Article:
Built in 1.815, the Nativity of the Blessed Virgin Mary is in the town of Xaghra. The parish of Xaghra was established by Bishop Cocco-Palmeri on 28 April 1.688. The parish was originally sited in the chapel of Saint Antony Abbot in the same town.
Enjoy walking the streets. There are a few bars and shops around, but most interesting are the people.
Old ladies making fancy lacework in their doorways smile or say hello.
Old men sit in the sun sharing jokes or gossip with their neighbours wave or nod.
Down an ordinary looking street (albeit a street of very attractive townhouses) you'll come across a house with the sign "Xerri's Grotto" on it. After you go in (ring the bell and wait) you go a short way along a corridor and then descend a deep (and steep) spiral staircase. What is at the bottom will amaze you. I expected a pokey little hollow but what is actually there is a large system of underground caverns filled with strange formations of stalagtites and the like.
Entrance fee is modest and the owner/guide is a very pleasant fellow.
I suppose this should be in the restaurants section, and mention is made there too, but we simply adored the lemon cheesecake at Oleander - so much so that we went back a second time to have another piece.
Ta' Kola is signposted from Ggantija and is about 5 minutes walk away. It's a little further into town and stands at the end of a street, as you can just about see from the picture.
It's a preserved windmill of a style that was once common. You can go in and walk around its various rooms, which are all decorated and furnished as they would have been in the past. It's quite a nice little museum.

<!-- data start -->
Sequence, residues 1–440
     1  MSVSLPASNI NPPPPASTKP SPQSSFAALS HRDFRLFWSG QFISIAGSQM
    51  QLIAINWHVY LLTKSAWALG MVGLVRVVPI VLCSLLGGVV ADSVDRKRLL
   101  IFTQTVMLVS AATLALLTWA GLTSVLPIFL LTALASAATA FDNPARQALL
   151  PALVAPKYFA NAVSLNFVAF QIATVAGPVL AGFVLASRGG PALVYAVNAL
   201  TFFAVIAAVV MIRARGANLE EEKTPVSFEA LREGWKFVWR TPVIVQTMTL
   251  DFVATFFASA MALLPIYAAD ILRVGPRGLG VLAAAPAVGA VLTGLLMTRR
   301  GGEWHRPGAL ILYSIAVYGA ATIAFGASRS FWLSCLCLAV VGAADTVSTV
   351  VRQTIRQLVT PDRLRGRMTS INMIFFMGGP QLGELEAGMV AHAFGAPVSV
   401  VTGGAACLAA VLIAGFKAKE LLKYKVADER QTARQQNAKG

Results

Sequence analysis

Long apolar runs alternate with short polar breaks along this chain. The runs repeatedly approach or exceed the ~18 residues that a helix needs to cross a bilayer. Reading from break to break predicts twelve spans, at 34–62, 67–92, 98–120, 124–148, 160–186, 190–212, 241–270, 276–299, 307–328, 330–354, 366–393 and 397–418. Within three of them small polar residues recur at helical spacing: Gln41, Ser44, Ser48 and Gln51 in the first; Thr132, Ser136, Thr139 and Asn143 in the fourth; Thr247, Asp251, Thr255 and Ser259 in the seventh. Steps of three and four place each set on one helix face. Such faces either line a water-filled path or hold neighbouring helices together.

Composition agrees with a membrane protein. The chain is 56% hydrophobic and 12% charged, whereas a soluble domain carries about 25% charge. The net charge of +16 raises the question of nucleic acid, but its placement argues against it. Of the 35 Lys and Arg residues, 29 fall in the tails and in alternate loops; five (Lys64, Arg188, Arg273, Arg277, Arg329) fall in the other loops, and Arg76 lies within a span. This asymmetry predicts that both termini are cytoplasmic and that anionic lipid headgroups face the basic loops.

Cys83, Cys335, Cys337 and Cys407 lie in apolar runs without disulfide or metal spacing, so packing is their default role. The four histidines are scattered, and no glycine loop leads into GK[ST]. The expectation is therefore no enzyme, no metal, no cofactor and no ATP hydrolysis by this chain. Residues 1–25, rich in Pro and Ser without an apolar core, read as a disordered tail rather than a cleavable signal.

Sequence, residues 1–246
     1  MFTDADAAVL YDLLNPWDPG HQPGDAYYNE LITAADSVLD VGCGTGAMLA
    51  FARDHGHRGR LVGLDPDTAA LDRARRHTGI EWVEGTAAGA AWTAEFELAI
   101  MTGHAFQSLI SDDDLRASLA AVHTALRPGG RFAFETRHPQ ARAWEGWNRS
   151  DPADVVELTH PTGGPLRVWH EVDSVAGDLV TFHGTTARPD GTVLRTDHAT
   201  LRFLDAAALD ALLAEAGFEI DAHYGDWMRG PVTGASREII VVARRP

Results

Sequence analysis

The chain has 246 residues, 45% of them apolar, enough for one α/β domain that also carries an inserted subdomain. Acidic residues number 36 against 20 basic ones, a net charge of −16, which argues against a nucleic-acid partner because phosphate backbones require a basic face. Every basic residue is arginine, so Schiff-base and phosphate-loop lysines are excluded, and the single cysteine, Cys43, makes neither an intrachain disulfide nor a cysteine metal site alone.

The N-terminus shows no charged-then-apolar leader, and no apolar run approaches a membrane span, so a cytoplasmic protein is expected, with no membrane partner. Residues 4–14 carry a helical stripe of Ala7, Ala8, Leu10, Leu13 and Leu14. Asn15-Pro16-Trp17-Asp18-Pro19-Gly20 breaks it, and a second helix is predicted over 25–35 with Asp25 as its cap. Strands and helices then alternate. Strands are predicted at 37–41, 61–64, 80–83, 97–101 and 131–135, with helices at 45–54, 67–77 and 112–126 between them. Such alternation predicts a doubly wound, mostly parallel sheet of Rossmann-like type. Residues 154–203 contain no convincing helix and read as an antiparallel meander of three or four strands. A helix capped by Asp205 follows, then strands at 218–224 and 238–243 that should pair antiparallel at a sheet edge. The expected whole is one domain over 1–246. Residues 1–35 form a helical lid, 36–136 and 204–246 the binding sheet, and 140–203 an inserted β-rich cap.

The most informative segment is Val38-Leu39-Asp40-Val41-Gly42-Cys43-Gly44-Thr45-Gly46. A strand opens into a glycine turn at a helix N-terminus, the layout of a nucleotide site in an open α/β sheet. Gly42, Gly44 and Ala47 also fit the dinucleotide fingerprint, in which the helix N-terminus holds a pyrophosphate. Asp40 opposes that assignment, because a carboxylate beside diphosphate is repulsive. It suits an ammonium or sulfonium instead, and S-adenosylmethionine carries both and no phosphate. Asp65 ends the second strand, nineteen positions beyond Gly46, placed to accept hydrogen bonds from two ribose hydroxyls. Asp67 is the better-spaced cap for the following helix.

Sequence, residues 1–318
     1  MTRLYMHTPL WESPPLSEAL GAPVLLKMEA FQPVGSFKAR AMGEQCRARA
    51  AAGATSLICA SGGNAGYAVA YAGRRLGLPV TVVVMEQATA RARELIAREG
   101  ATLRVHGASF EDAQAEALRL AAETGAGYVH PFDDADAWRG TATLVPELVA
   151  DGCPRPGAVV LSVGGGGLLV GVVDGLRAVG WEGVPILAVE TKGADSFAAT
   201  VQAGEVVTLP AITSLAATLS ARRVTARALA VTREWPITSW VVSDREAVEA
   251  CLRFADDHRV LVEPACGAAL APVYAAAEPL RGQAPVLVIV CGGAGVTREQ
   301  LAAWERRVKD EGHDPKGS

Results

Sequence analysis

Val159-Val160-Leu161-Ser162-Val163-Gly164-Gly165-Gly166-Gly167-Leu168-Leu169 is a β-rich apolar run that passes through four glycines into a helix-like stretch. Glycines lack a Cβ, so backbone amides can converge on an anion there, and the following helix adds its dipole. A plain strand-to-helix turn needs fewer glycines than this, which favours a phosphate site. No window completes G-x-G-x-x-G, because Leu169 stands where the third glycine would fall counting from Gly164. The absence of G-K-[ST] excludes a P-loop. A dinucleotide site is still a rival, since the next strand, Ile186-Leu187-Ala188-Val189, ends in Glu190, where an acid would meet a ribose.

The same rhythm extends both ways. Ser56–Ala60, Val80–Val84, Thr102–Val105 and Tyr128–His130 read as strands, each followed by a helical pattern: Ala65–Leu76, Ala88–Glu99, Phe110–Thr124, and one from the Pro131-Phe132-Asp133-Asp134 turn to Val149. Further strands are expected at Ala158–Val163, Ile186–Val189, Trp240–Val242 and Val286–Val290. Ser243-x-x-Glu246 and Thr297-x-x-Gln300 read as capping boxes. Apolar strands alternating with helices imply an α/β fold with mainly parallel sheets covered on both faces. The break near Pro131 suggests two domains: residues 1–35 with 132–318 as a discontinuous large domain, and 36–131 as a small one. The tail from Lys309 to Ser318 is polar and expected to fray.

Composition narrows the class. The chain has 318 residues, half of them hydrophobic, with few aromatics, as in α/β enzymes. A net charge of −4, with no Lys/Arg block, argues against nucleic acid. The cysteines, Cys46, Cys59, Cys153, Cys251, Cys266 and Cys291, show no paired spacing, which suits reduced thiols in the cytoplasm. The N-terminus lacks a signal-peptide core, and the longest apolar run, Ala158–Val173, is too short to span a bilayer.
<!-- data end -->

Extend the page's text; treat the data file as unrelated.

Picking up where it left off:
Xaghra is quite a large town (by Gozo standards) a little to the north east of Rabat. It has a number of attractions, quite apart from the fact that it is a pretty little town in its own right. This was possibly our favourite place on Gozo, though not for any typically touristic reasons - it was just the kind of place that we'd like to live.
The square here is very pretty, dominated by the church and surrounded by cafes and bars. We liked Oleander and ate there more than once.
One of the quaint things in Xaghra is the Coronation Stores, and olde worlde type of store, seemingly still stuck in Victorian times. It's interesting to look at and to browse around, but they really had very little that you would want to buy. I can't help wondering about its purpose - just someones hobby, or a real store?
The fruit & veg van outside was good too, and had some lovely stuff on it.